“Here’s my life,” writes Ann Bauer on Salon. “My husband and I get up each morning at 7 o’clock and he showers while I make coffee. By the time he’s dressed I’m already sitting at my desk writing. He kisses me goodbye then leaves for the job where he makes good money, draws excellent benefits and gets many perks, such as travel, catered lunches and full reimbursement for the gym where I attend yoga midday. His career has allowed me to work only sporadically, as a consultant, in a field I enjoy.” Bauer admits that this admission might be considered “crass,” but she’s calling for more honesty like this in her piece, entitled “‘Sponsored’ By My Husband: Why It’s A Problem That Writers Never Talk About Where Their Money Comes From.” Keep reading »
VICE wrote up a cool panel discussion at Bard on the subject of politically engaged art today, but it was lacking an answer to the question it posed: Can art be a form of political activism?
The obvious answer is, well, yes, of course. I mean, look at Jacques-Louis David’s “The Death of Marat,” or practically any of the paintings that he finished during the French Revolution: It’s basically all political propaganda, and very effective political propaganda, at that (Marat was a revolutionary writer who was assassinated; David’s painting institutionalized him as a martyr of the revolution). Manet’s “Olympia” was a political challenge to the art world, its aesthetics and values, inasmuch as it very clearly depicted a prostitute who, rather than having an idealized body and rather than existing for the aesthetic pleasure of the viewer was painted with an imperfect, human body and a confrontational expression. In the 1970s, Mierle Ukeles challenged the art world on its class and gender politics by publicly performing “low” or “women’s” work at the Wadsworth Atheneum, cleaning the museum and washing its front steps as a way of pointing out all the things that must be done to support museums and keep them physically viable. Their boards of directors, their curators, and the artists displayed might get the public attention, but museums couldn’t function without maintenance work. Keep reading »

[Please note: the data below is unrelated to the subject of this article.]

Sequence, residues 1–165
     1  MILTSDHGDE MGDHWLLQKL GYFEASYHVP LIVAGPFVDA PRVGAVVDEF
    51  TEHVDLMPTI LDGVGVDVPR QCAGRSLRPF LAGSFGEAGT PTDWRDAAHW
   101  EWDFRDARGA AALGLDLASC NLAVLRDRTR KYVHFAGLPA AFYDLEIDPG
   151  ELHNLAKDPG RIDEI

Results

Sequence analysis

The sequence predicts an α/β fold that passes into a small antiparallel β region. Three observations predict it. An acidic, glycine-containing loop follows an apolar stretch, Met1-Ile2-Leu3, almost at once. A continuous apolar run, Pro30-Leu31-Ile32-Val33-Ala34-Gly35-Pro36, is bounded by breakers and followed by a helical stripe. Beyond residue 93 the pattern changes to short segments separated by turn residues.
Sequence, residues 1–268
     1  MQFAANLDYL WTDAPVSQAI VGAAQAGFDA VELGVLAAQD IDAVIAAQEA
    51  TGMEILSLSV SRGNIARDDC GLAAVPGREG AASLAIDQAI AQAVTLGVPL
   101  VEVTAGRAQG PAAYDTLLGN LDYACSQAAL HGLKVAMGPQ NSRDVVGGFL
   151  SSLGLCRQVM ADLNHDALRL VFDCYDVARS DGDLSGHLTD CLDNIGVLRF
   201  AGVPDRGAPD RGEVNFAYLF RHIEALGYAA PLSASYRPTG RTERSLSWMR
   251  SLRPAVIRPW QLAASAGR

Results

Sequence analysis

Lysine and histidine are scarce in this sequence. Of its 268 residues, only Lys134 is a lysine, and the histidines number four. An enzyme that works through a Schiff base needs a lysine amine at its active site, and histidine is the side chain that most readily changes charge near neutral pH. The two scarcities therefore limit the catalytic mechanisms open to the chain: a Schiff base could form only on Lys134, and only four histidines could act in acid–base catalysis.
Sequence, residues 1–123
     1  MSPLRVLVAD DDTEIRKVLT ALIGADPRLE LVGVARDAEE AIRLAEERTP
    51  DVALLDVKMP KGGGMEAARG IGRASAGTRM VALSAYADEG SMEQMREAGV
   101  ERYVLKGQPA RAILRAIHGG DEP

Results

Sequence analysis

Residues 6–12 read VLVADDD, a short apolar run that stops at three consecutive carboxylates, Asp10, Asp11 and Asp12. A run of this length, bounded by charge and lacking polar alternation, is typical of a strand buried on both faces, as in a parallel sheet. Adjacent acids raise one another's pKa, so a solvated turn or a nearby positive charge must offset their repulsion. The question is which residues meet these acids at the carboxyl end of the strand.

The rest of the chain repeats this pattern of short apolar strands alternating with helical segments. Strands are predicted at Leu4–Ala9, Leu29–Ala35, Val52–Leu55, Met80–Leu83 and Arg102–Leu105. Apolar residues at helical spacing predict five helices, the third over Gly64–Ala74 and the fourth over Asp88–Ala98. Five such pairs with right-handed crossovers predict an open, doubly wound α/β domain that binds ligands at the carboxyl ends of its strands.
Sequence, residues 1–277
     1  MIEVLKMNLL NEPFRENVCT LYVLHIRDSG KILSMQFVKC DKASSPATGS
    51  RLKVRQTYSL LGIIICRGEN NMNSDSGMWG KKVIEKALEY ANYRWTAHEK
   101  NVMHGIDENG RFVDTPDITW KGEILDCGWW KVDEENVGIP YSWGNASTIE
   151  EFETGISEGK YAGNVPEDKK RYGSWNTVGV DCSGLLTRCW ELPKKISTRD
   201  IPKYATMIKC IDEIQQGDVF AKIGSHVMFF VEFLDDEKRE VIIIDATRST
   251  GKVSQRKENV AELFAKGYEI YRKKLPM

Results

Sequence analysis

Ever wondered what corner of Ted “Dr. Seuss” Geisel’s brain Green Eggs and Ham came from? As it turns out, it came from the part that takes dares. The iconic book was conceived after a dare to write a book containing 50 words or less (it comes in at 50 exactly).
In this video, the chief curator of the Mandeville Special Collections Library at UC San Diego, Lynda Claassen, walks through Geisel’s writing and illustration process, using his working notes and illustrations for Green Eggs and Ham. Check it out! [h/t BOOOOOOOM!]
I am by no means a prude, but I’m more than happy to admit that reading sex scenes in fiction (or nonfiction, for that matter) skeeves me out a little. OK, a lot. I’m more on the “exhibitionist” end of the spectrum than the “voyeur” end, I guess.
Anyway, if you’re like me, get ready to cringe at the passage that won Ben Okri’s The Age of Magic the annual Bad Sex in Fiction Award from Britain’s Literary Review: Keep reading »
Over the weekend, my boyfriend Michael visited his mom and his sister, who was home from school for the weekend, out in the burbs. He told them he was going to propose to me soon, and his sister said she already knew that because she reads my work. Whoops! I’m so glad I don’t talk much about our sex life here.
The reality of working as a writer, and specifically as a woman writer, while in a relationship comes with a few problems. I can’t say anything too specific about Michael, and I’m glad he has such a common first name, because it makes him hard to identify. Part of that gladness stems from the fact that there are nutso predators on the Internet who might take issue with what I have to say and decide to make my life worse by making life worse for the people I love. The other part of it is that I am an unconventional woman with strong, non-mainstream opinions, and I don’t want them to be attached to my boyfriend’s public persona. Dating someone doesn’t mean you agree with everything they say or believe, after all. My job in terms of his career is to show up at the annual holiday party and be charming. His bosses don’t need to know anything else about me lest they start believing that because I’m unconventional, Michael is also less conventional than they’ve been led to believe (he is less conventional than he comes off, but not in the leftist/feminist/sex positive/gender nonconformist/takes clothes off on the Internet sort of way). Keep reading »